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Phase 2B (Connect): Integrate IP connectivity

Here is the 3rd post in the series related to the MPET Application Name: Embedded MPET for IP and DV modes post made back last month.

Prior posts have threads to comment on.

This post's goal is to talk about getting internet connectivity to the computer with integrated MPET. Its honestly such a basic thing, but for process, here we go....

Ways to get internet connectivity to the integrated Embedded MPET for IP and DV modes unit include:

  • Physical Ethernet wire connected in to the embedded NIC in the computer
  • Add on Wi-Fi PCIe card to the computer
  • USB based Wi-Fi or ethernet adapter
  • USB based cellular modem or hotspot

This post is ONLY going to explore very basic concepts to ensure no loss of connectivity at a remote site since this computer will run headless (meaning, no keyboard, monitor, mouse, etc). This post will also only address issues in a Microsoft Windows environment since that is what MOST people will probably use (Sorry all you Linux and Apple people)

Network Interface Tips

If you are using a modern version of Windows (98 and later. Win7 preferred), you will see under Control Panel > Network and Internet > Network Connections either one or more network connections for your computer. Your physical NIC as well as any Wi-Fi or other adapters that could be USB based will be here. You may also see some other devices such as VPN or bridges. DISABLE anything else you see.

For simplicity sake, I am showing a computer with just ONE network connection as shown by Local Area Connection 2 in the above photo.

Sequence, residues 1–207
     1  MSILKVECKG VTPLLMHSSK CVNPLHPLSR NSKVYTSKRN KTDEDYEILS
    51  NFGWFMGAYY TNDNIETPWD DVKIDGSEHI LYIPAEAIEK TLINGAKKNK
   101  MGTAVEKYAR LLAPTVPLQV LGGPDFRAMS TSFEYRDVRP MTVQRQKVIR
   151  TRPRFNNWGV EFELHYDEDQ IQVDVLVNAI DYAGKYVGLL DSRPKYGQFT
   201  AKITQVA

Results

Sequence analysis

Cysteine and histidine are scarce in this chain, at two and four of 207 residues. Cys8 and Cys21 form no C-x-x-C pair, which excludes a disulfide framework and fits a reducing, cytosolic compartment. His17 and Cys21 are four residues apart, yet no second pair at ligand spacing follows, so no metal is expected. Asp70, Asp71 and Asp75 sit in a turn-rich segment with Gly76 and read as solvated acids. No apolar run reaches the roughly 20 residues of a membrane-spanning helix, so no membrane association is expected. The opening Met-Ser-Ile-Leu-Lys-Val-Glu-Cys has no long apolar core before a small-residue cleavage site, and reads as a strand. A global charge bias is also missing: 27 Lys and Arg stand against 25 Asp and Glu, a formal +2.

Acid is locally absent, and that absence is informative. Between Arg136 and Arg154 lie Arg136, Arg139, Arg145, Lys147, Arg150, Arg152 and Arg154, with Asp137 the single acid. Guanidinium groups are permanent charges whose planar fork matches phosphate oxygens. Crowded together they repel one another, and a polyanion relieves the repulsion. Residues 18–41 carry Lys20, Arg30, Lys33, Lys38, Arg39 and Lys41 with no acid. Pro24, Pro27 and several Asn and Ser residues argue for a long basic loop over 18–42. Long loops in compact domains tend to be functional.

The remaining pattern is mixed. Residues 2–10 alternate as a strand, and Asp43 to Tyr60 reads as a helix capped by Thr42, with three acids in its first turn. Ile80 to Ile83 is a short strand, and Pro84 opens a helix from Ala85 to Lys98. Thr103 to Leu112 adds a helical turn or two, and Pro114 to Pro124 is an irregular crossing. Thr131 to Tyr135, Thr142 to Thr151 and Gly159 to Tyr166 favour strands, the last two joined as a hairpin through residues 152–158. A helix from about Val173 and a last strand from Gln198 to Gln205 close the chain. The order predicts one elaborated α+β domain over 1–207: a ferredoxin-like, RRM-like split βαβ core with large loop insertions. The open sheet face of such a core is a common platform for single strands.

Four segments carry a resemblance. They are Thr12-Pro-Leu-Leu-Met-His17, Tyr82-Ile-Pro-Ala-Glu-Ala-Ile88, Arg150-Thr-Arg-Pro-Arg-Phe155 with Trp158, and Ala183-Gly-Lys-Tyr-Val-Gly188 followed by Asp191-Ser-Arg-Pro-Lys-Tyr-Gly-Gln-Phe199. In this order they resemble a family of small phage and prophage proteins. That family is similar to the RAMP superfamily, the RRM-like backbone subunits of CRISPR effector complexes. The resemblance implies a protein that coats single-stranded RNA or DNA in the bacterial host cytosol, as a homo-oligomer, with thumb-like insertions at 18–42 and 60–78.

Tip #1: Start with just ONE network connection enabled if you show more than one. This will prevent some challenges in the future. "Right Click" and select "Disable" for ALL other listed NIC's. DO NOT DISABLE the one with the "internet" already coming in to the computer.

Tip #2: Click in to "Properties" and make sure IPv6 is NOT check marked. This will make some things easier in troubleshooting your internet connection. MAKE SURE IPv4 is selected. Leave everything else as it appears.

Tip #3: Most likely, your NIC is set for DHCP (Means your router provides the next available IP address that could get automatically assigned) It MAY be a good idea AFTER you get things working, to manually assign the IP address like it shows below. This way this remote computer ALWAYS gets the same IP address every time.

Tip #4: As in Tip #3, you can also do an address reservation in MOST routers which will associate your NIC MAC address with a specific IP address ALL THE TIME. This is helpful in identifying specific network devices in your network and having to use the computer in built IP address management by just leaving DHCP enabled versus manually.

A follow up post is going to address:

  • Firewall and Port Forwarding Issues

  • Getting a computer with Echolink to talk to a mesh network that is also internet (WAN) connected.

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